Please see Part I of this article for more on the natural history of North America’s second largest lizard, the Chuckwalla (Sauromalus obesus).
Status in the Wild
Population levels appear stable as their preferred habitat is largely unsuitable for development. The species S. varius, however, is limited in distribution to 3 islands in the Gulf of California and is listed on CITES Appendix I.
Mating takes place in May-June, with 5-16 eggs being laid (buried in the sand) in June-August. In the wild, females usually breed every other year, but captives may lay a clutch yearly.
Diet, Natural and Captive
Chuckwallas are largely herbivorous, consuming the leaves, buds, flowers and fruits of desert plants. Beetles, ants, caterpillars, spiders and other invertebrates are occasionally taken. In common with similar lizards, juveniles consume somewhat more invertebrate prey than do adults.
Captives fare best on a varied diet of kale, collard greens, turnip greens, bok choy, romaine, carrots, yams, peas, beans and seasonally available vegetables, along with occasional feedings of crickets, mealworms, beetles and other insects.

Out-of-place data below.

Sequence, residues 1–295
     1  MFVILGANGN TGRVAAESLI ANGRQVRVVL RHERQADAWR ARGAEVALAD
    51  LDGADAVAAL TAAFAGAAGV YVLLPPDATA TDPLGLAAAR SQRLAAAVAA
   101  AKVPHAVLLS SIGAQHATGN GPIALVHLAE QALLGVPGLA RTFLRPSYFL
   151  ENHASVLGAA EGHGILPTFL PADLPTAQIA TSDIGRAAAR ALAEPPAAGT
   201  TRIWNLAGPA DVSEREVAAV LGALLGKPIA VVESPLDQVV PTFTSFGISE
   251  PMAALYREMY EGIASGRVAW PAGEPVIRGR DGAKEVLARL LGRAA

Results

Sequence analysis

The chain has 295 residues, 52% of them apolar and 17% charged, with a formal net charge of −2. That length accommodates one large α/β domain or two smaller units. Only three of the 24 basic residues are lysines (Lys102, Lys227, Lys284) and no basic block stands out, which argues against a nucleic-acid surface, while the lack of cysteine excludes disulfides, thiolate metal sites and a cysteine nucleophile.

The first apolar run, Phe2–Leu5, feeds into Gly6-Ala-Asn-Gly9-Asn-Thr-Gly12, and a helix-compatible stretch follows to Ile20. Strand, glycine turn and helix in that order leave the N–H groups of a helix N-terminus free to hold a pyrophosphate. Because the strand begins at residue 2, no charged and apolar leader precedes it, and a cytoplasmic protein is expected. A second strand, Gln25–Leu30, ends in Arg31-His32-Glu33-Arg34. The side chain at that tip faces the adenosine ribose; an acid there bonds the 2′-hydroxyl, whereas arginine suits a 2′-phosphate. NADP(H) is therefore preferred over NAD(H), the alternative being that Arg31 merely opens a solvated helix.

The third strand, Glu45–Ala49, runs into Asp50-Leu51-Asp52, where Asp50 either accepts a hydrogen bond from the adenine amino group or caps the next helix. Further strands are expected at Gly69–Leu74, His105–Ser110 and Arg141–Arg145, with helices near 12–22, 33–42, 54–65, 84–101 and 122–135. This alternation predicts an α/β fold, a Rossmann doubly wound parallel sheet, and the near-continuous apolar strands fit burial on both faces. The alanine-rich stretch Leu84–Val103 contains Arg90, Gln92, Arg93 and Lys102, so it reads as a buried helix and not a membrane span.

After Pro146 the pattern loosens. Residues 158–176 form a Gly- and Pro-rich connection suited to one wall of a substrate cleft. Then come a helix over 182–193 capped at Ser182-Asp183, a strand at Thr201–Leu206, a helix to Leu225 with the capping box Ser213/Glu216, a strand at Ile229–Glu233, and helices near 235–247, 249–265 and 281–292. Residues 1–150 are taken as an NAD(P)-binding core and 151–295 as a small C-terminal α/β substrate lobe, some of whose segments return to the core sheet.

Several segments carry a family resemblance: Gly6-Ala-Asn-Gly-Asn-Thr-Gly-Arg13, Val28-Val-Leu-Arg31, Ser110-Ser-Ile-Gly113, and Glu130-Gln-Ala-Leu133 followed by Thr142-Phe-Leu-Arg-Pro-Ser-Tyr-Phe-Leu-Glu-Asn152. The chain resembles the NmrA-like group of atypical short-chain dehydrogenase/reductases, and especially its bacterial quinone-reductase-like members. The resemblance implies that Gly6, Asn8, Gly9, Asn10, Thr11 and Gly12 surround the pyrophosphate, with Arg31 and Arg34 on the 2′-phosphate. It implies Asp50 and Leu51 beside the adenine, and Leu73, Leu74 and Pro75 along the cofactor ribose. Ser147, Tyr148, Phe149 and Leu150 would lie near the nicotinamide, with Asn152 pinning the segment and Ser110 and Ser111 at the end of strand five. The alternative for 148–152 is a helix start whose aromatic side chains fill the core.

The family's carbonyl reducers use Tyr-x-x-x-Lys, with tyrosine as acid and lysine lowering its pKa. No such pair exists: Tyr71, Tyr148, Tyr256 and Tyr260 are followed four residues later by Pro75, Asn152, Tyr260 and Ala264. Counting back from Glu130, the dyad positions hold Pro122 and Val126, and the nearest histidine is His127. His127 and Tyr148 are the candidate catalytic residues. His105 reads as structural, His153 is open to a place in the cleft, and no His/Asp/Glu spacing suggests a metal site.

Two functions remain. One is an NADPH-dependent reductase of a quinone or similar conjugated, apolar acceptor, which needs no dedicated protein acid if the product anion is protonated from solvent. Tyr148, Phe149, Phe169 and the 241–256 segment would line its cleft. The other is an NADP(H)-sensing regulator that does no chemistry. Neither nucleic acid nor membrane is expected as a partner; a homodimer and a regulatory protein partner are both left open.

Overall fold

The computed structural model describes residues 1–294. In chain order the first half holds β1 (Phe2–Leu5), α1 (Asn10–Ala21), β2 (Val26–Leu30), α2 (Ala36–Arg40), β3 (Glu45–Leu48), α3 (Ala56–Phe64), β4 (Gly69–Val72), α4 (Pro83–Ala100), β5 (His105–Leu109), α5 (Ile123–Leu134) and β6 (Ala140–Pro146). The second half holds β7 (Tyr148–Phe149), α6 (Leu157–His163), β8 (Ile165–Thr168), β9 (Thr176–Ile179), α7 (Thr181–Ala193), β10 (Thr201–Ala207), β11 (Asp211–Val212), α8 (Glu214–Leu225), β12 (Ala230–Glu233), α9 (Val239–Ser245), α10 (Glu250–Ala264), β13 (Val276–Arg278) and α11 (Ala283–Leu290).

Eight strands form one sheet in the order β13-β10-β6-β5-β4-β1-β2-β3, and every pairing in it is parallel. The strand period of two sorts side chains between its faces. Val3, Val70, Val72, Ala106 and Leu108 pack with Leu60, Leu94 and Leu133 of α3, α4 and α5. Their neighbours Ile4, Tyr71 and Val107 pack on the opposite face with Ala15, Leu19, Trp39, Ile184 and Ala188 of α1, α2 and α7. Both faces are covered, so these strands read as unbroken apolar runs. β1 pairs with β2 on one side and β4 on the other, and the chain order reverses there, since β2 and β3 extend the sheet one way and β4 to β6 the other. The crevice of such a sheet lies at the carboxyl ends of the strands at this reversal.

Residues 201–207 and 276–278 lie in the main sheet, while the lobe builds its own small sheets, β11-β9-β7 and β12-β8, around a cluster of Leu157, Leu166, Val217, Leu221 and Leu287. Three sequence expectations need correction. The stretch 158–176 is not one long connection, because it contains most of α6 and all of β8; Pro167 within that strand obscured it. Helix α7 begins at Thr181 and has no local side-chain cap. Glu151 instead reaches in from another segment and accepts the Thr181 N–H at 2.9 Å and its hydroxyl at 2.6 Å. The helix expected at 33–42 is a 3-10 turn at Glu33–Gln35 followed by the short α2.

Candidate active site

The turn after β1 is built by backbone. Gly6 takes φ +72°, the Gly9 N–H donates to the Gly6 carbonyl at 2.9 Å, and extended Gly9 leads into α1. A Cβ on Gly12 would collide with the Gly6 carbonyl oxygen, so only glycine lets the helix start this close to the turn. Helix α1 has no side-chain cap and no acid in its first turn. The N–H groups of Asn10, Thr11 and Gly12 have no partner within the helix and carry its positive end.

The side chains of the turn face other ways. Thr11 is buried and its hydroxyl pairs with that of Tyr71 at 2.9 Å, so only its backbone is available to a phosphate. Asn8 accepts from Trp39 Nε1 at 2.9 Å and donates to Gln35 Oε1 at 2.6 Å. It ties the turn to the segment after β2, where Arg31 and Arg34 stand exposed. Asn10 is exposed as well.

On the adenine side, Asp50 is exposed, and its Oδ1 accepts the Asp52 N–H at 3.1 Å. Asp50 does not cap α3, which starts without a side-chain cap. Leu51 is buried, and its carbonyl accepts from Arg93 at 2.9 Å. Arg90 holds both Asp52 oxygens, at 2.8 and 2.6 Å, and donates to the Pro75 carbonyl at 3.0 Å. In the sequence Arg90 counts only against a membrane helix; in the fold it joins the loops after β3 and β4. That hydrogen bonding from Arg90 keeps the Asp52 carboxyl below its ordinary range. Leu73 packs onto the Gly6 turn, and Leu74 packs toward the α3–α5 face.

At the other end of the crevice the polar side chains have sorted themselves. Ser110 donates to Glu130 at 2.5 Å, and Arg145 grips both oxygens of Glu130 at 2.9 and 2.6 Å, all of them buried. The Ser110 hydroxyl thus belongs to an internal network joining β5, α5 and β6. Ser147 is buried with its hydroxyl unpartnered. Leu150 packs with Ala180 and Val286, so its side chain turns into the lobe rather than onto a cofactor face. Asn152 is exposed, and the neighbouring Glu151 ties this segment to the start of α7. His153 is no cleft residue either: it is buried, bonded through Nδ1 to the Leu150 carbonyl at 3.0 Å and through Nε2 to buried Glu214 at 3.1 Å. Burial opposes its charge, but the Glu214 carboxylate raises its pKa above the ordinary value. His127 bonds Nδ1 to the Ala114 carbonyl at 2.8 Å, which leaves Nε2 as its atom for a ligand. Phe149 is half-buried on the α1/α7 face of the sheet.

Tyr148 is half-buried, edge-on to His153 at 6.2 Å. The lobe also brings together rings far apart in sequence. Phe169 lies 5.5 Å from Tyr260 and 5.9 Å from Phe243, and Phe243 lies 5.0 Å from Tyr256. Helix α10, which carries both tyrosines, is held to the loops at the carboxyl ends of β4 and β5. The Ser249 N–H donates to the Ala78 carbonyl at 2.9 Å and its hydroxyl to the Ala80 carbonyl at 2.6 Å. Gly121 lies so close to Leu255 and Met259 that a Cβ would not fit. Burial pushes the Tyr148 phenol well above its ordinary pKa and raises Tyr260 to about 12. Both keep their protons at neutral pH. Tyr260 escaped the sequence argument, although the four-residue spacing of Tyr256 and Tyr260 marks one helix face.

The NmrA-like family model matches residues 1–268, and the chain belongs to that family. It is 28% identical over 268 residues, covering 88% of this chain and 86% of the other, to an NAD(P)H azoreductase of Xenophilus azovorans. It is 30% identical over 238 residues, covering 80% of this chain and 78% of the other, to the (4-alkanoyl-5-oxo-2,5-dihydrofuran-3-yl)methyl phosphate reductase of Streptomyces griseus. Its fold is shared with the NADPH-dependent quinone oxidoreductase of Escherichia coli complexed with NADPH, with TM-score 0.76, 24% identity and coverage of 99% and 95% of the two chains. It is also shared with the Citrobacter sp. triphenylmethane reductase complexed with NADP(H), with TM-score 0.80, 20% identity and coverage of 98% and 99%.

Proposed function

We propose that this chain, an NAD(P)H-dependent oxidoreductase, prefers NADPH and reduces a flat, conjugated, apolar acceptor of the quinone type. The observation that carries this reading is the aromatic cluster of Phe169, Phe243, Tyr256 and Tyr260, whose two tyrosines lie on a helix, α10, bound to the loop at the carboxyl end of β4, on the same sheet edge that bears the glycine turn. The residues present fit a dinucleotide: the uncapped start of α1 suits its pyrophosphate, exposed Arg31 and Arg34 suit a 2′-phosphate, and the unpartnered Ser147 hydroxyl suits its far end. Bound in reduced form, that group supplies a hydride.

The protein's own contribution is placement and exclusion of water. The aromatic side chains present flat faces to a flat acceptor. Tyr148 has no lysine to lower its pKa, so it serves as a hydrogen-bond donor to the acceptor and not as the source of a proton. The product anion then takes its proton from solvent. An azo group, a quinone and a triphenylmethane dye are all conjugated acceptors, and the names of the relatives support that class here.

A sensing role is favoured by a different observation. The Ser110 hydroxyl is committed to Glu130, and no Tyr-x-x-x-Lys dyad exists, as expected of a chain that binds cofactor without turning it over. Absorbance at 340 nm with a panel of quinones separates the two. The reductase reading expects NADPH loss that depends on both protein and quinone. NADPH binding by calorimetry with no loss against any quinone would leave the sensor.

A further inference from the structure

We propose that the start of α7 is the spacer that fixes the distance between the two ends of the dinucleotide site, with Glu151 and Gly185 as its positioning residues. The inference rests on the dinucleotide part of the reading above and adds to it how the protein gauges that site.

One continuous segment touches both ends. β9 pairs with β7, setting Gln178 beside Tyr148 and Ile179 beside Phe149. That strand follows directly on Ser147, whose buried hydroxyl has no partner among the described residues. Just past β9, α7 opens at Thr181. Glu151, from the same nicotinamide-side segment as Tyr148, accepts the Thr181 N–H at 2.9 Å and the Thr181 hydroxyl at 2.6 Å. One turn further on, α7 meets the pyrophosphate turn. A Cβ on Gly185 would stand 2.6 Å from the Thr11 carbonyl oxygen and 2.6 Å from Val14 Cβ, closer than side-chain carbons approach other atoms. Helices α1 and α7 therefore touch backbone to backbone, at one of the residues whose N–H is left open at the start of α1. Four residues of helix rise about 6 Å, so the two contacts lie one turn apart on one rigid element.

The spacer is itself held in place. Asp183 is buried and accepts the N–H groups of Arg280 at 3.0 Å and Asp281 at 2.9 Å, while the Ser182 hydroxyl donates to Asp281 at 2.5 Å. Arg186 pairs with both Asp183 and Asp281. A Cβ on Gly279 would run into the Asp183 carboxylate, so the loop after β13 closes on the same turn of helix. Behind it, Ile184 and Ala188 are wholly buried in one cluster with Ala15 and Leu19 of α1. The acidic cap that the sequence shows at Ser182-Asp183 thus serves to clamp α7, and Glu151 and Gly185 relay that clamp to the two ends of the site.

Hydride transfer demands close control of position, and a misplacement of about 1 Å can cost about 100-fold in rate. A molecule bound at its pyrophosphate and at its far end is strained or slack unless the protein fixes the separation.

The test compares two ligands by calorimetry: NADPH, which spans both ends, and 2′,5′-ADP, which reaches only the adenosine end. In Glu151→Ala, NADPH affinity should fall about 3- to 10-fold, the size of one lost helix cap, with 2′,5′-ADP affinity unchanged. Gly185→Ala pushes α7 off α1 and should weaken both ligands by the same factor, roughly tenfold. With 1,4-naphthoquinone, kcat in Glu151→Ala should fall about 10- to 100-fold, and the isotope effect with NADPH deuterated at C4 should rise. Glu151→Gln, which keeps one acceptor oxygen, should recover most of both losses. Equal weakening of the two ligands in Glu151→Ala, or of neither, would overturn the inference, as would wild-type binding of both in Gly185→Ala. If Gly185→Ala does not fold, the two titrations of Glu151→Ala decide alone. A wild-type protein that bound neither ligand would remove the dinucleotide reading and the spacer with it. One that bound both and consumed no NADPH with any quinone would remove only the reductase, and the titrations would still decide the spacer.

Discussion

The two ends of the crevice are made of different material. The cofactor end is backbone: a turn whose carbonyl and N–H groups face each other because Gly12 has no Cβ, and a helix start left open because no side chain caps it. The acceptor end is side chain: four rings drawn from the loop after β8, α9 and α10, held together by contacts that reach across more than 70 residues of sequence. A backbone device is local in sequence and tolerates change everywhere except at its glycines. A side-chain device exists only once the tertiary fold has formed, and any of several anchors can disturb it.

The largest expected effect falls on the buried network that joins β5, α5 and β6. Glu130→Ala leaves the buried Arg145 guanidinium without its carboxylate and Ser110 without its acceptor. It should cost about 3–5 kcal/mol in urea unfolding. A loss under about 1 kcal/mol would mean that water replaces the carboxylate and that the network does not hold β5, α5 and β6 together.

I’ve found dandelion flowers to be a great favorite, and usually mix some soaked Tortoise Pellets into the salad as well.
A Unique Defense
They rarely forage far from a rock pile, into which they retreat when threatened. Once secure within a crevice, the Chuckwalla gulps air and inflates its body, thereby wedging itself tightly against the rocks. Certain Native American peoples utilized the Chuckwalla as food, and extracted it from the rocks by piercing the body with a sharp stick to deflate the lungs.
I’ll cover the care of these most interesting lizards in the future.
An interesting account of a field trip to see Chuckwallas and other California herps, along with interesting photos, is posted here.
A video showing a very eager Chuckwalla feeding from the hand is posted here.